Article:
The network interface 910 may then receive from a CN a data packet having a first header comprising a source address equal to an IP address of the CN and a destination address equal to the HoA of a MN. The network interface 910 forwards the packet to the processor 960. The processor 960 looks in the binding cache 930 to find a HoA that matches the destination address. If found, the processor 960 reads the CoA. The processor 960 then looks at the mapping table 940 to find an entry that matches both the HoA and the CN IP address. If found, the processor 960 reads the TID value. The processor 960 then builds a second header comprising the HA IP address 922, obtained from the memory 920, as a source address, and the CoA of the MN as the destination address. The processor 960 removes the first header from the packet, adds the second header, and adds the TID value, preferably within a TID extension header, to the packet. The processor 960 instructs the network interface 910 to send the resulting data packet, which now has a format as shown on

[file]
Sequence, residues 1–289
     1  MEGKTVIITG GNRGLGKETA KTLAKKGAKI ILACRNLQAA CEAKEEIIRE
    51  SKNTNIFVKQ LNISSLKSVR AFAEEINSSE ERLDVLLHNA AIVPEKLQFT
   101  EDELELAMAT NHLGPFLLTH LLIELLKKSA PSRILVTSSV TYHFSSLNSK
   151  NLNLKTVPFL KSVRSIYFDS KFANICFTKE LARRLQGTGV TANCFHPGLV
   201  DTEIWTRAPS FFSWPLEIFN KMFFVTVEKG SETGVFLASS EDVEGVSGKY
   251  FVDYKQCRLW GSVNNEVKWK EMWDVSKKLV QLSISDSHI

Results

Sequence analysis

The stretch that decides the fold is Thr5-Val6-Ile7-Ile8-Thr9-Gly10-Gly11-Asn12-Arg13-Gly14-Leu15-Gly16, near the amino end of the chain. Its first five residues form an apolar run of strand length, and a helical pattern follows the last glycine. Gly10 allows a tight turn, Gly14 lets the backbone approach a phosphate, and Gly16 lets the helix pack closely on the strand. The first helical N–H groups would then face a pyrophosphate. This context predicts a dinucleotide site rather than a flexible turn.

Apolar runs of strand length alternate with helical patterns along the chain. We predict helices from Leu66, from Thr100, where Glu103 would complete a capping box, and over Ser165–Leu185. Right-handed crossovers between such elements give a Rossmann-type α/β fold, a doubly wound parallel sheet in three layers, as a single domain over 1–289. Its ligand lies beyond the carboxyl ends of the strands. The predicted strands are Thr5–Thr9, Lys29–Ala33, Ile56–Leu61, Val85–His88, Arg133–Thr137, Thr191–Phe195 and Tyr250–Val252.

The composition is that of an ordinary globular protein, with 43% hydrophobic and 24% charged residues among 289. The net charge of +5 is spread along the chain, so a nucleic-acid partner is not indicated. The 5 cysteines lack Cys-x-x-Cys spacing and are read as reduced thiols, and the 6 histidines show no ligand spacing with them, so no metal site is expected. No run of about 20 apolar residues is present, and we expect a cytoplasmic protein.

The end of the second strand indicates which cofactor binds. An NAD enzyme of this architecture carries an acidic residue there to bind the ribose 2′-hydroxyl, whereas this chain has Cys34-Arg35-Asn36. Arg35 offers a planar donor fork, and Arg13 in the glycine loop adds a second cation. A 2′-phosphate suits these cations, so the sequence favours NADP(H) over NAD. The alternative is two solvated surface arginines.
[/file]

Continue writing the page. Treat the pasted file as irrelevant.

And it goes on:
Of course, the HA 130 may use a header compression technique, such as ROHC, in sending data packets towards the MN. In such a case, the second header may not actually be present in the data packet as sent from the network interface 910, but may be replaced by the processor 960, using a suitable compressed substitute as is well known in the art of header compression. Also, if no TID value is found for the combination of the HoA and of the CN IP address within the mapping table 940, the processor 960 builds the second header, adds it to the packet while preserving the first header, and then instructs the network interface 910 to send the resulting data packet, with a format as shown on